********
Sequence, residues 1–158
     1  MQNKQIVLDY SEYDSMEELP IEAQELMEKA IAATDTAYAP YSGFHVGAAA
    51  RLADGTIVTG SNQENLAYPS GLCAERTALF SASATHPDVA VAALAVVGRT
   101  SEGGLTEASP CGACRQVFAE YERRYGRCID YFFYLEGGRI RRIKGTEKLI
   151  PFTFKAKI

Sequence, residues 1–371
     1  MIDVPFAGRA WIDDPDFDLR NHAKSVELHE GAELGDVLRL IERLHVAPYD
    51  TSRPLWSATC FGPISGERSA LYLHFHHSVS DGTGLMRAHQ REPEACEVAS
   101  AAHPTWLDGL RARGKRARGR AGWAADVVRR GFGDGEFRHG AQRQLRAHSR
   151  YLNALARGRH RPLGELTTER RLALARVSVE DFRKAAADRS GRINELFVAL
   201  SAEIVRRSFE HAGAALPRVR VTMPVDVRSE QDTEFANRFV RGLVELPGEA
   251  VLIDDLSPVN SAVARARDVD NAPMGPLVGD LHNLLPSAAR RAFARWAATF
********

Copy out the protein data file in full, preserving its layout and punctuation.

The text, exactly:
Sequence, residues 1–158
     1  MQNKQIVLDY SEYDSMEELP IEAQELMEKA IAATDTAYAP YSGFHVGAAA
    51  RLADGTIVTG SNQENLAYPS GLCAERTALF SASATHPDVA VAALAVVGRT
   101  SEGGLTEASP CGACRQVFAE YERRYGRCID YFFYLEGGRI RRIKGTEKLI
   151  PFTFKAKI

Sequence, residues 1–371
     1  MIDVPFAGRA WIDDPDFDLR NHAKSVELHE GAELGDVLRL IERLHVAPYD
    51  TSRPLWSATC FGPISGERSA LYLHFHHSVS DGTGLMRAHQ REPEACEVAS
   101  AAHPTWLDGL RARGKRARGR AGWAADVVRR GFGDGEFRHG AQRQLRAHSR
   151  YLNALARGRH RPLGELTTER RLALARVSVE DFRKAAADRS GRINELFVAL
   201  SAEIVRRSFE HAGAALPRVR VTMPVDVRSE QDTEFANRFV RGLVELPGEA
   251  VLIDDLSPVN SAVARARDVD NAPMGPLVGD LHNLLPSAAR RAFARWAATF